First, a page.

Reed Hastings, Co-founder and CEO, Netflix:
For the past five years, my greatest fear at Netflix has been that we wouldn’t make the leap from success in DVDs to success in streaming.
I like Reed Hastings. But this line worried me right off the bat – hopefully this doesn’t indicate he makes decisions based on fear rather than vision.
Companies rarely die from moving too fast, and they frequently die from moving too slowly.
When Netflix is evolving rapidly, however, I need to be extra-communicative. This is the key thing I got wrong.
In hindsight, I slid into arrogance based upon past success. We have done very well for a long time by steadily improving our service, without doing much CEO communication. Inside Netflix I say, “Actions speak louder than words,” and we should just keep improving our service.
But now I see that given the huge changes we have been recently making, I should have personally given a full justification to our members of why we are separating DVD and streaming, and charging for both. It wouldn’t have changed the price increase, but it would have been the right thing to do.
Communication was a problem, but not the problem. The problem was launching a product that wasn’t ready – and Reed Hastings knows it. That’s what he means by “we should just keep improving our service.” Netflix’s streaming service alone didn’t (and still doesn’t) deliver on the promise of enabling subscribers to easily enjoy movies and TV shows. When Netflix divided its business into two products by pricing DVDs and streaming separately, they were suddenly asking customers to pay for a product that wasn’t worth the price. There is no question that streaming is the future of Netflix’s business, and adjusting the pricing model to move their business forward and move their customers to a new product was smart. But the product wasn’t ready – it was still a just a feature of their original product.
So we realized that streaming and DVD by mail are becoming two quite different businesses, with very different cost structures, different benefits that need to be marketed differently, and we need to let each grow and operate independently. It’s hard for me to write this after over 10 years of mailing DVDs with pride, but we think it is necessary and best: In a few weeks, we will rename our DVD by mail service to “Qwikster”.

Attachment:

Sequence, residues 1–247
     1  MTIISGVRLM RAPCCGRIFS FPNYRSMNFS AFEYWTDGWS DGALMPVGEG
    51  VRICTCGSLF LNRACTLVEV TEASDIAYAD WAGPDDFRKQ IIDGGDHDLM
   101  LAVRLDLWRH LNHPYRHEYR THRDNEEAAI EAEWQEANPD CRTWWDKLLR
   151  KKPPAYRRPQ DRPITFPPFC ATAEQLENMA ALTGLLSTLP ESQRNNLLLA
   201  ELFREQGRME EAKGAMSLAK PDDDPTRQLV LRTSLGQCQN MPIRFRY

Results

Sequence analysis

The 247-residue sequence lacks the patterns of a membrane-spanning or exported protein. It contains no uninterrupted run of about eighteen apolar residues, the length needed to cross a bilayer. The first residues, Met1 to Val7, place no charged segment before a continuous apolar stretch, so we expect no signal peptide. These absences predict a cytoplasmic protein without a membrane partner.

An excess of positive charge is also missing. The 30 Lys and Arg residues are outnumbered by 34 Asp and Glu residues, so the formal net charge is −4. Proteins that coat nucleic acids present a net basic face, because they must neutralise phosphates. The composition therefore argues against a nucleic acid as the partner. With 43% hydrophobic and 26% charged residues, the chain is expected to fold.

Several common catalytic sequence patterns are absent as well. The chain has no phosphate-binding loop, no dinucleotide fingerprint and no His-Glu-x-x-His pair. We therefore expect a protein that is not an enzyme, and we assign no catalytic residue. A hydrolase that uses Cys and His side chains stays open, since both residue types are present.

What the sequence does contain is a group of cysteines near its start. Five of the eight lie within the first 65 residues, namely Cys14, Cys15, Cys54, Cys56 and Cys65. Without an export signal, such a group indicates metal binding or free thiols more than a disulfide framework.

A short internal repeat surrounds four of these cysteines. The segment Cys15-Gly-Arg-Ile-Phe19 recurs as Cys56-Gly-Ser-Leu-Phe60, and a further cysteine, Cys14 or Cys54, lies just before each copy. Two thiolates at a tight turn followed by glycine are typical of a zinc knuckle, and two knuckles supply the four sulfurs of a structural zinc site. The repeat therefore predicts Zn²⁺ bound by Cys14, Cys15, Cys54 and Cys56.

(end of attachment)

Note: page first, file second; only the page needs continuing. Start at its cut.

The way to communicate distinct offerings to a large customer base who doesn’t know or care who Reed Hastings is, is to create a brand. We could question the name choice (why make the name rhyme with the second largest movies website, Flixster, instead of an extension of your current brand, “Qwikflix”?). We can question the decision to rename the old product instead of the new one (up for debate). We can even question the decision to make Qwikster a separate company rather than a just new product brand (Qwikster.com reads “Qwikster, a Netflix Company” and the company has a CEO). But once they separated DVDs and streaming into two products by attaching individual prices, creating separate brands was the right move.
This transition will be difficult for Netflix/Qwikter, largely due to a trend that’s become common over the past decade and a half: singularity of company and product brand. Many Internet companies have only one core product: their website (see Amazon, Facebook, Google, Netflix, etc). When this happen, the company’s product often ends up carrying the same name as their company. This makes new product launches and transitions difficult to initiate because many new offerings should fall under your company brand, but should’t fall under your product brand.
When you launch new stuff, it has to either be a new feature in an existing product or a completely separate product itself. Consumers don’t understand anything in between. Netflix found their streaming service stuck in “no man’s land” when they announced an individual price for it without providing an individual brand. It became a feature masquerading as a product. By separating the DVD product and calling it Qwikster, thereby giving the name Netflix to the streaming product alone, “Netflix” is still a feature madquerading as a product but it’s clearer the company is dedicated to making it a productnoRor “Netflix” (the streaming product) to deserve its own name and pricing, it must be worth its price.
It comes down to this: when Reed Hastings and Netflix realized their DVDs-by-mail service and their streaming service had to become distinct businesses, the first step should’ve been to ensure each product was strong enough to support itself. When they gave streaming its own pricing and membership, they were asking people to pay for a feature, for the price of a product. Netflix will eventually develop their streaming feature into a killer standalone product by providing a sufficient breadth of content, but it was a mistake to separate pricing and naming before the product was ready.
Netflix tried to transition their customers to a new product too early – not because customers weren’t ready, but because the product itself wasn’t ready. Unfortunately it still isn’t. Let’s hope Netflix is ready soon.